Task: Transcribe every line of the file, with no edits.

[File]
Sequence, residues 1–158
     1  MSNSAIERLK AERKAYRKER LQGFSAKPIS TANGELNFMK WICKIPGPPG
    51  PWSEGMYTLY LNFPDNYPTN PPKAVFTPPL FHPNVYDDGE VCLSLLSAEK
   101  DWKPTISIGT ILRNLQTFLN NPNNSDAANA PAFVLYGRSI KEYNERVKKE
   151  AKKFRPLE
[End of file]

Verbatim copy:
Sequence, residues 1–158
     1  MSNSAIERLK AERKAYRKER LQGFSAKPIS TANGELNFMK WICKIPGPPG
    51  PWSEGMYTLY LNFPDNYPTN PPKAVFTPPL FHPNVYDDGE VCLSLLSAEK
   101  DWKPTISIGT ILRNLQTFLN NPNNSDAANA PAFVLYGRSI KEYNERVKKE
   151  AKKFRPLE